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Image by Suvi Honkanen

My Story

Hi, I'm Tara. I live in Surrey in the UK with my husband, John, and our dog Rosie.  ​I have a rare genetic disease called Cowden syndrome. It means you're more highly prone to cancer, so I've had a lot of preventative surgeries. I have yearly check-ups with doctors to keep an eye on everything. Due to this, I'm more aware of my body, and it's why I knew something was wrong.

 

​In February 2022, at age 34, I was playing Mario Kart and suddenly had double vision. I wear glasses and put this down to not having had an eye test since before Covid. The first optician thought I needed two pairs of glasses, one for distance and one for reading. I wasn't entirely convinced by this, so I saw another optician who suggested I have an MRI. As part of the monitoring, I have an MRI every year and coincidentally had one booked for two days later, by which time I was also noticing a numb left arm. My neurologist is based in Oxford. The MRI showed a slight bleed in the pons (which influences eyesight), and he told me it would heal within a few weeks. He didn't seem concerned about my arm. I was given a prism for my glasses, and I went home thinking that everything would be ok. My vision did gradually improve. 

We were due to go on a family holiday to Disneyland Paris for the first May bank holiday. A few days before, everyone came down with norovirus but got better quickly. The morning we were due to travel, I felt horrendous; I was dizzy and extremely nauseous (following my double vision, which had begun to return the day before.) At the time, I thought this was karma for being smug that I didn't get norovirus like the others! After two and a half days of being very poorly in the hotel, I got the Eurostar back to London. Having given my neurologist advance notice that my symptoms from February were back and way worse than before, I went to see him the next day. I was admitted to hospital, and this is where my memory goes blank until the middle of August. I'm glad I don't have memories of ICU, but weird hallucinations from that time have unfortunately remained!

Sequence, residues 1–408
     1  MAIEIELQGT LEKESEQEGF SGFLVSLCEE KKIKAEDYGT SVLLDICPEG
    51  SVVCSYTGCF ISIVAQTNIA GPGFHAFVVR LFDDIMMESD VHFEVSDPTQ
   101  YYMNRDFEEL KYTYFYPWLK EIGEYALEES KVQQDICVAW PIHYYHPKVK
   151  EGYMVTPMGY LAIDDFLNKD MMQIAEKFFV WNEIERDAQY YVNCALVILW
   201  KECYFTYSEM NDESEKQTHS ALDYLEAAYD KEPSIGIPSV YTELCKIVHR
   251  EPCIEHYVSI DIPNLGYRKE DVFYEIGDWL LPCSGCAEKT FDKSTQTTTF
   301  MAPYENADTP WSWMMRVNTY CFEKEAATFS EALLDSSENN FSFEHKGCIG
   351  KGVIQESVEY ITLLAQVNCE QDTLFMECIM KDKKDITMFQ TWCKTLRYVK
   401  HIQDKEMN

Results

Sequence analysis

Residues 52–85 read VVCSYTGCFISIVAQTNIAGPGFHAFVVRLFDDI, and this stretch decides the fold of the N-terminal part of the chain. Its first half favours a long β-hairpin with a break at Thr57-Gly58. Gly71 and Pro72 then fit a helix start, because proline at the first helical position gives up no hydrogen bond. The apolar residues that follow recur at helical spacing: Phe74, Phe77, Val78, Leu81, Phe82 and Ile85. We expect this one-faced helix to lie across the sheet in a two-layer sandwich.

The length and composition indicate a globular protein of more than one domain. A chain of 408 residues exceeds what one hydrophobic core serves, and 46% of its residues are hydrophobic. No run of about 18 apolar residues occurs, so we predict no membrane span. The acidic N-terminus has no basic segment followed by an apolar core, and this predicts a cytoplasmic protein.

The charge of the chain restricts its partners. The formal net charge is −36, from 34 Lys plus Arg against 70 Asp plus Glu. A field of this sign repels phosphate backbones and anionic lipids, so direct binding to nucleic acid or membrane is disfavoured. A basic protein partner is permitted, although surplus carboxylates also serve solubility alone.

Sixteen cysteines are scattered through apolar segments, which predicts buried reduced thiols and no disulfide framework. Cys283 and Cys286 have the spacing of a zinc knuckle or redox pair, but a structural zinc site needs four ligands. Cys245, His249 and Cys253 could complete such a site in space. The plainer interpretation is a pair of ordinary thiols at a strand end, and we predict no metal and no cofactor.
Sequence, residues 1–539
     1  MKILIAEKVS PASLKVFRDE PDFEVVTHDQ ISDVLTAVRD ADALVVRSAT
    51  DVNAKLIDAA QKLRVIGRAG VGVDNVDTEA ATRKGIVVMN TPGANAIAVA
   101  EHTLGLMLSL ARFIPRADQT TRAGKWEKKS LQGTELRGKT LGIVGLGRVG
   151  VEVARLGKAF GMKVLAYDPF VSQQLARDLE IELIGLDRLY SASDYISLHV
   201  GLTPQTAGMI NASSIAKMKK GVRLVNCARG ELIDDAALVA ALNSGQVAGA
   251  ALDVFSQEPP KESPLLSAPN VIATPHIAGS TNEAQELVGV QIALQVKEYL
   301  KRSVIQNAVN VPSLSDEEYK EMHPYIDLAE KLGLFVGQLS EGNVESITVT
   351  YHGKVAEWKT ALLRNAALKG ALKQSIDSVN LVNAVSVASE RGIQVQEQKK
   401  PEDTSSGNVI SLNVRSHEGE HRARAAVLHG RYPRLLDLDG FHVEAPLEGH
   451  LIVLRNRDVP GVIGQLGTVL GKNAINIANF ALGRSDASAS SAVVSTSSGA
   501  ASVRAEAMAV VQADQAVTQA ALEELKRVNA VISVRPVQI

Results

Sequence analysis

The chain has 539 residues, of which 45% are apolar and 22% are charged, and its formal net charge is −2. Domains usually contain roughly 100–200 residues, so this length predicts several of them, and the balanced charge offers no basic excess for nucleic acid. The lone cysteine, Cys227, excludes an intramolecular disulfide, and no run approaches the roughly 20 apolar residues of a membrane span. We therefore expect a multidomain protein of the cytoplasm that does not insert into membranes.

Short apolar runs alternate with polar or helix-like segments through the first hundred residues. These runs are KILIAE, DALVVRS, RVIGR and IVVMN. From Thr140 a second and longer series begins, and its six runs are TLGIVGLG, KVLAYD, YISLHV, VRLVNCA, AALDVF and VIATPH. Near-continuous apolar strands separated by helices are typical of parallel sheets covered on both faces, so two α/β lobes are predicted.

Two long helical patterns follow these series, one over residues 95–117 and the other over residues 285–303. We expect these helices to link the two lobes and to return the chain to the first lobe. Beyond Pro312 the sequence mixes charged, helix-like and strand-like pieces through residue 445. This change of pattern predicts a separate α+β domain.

I spent a month in intensive care in Oxford, where I lost the ability to swallow. I had a trach and nasal gastric tube inserted, both of which remained in place for six months and were eventually removed in rehab. I was transferred to The National Hospital for Neurology and Neurosurgery in London. I had surgery on a cavernoma, which had caused a massive bleed, filling the brainstem with blood, which resulted in a hemorrhagic stroke and disruption to all neurological functions. I spent another two months in intensive care and a further couple of weeks in a neurosurgery ward before eventually being transferred to rehab in mid-August.

 

In my case, the effects I have are that my pupils don't sit evenly, causing limited peripheral vision. I have restricted mobility and can generally walk on a familiar surface indoors without an aid and use a combination of my pole and my walker outside. When  I left rehab in December, I started doing community rehab. This is an ongoing process, and I'm adapting what I do as I progress.

For further updates, keep an eye on my blog!

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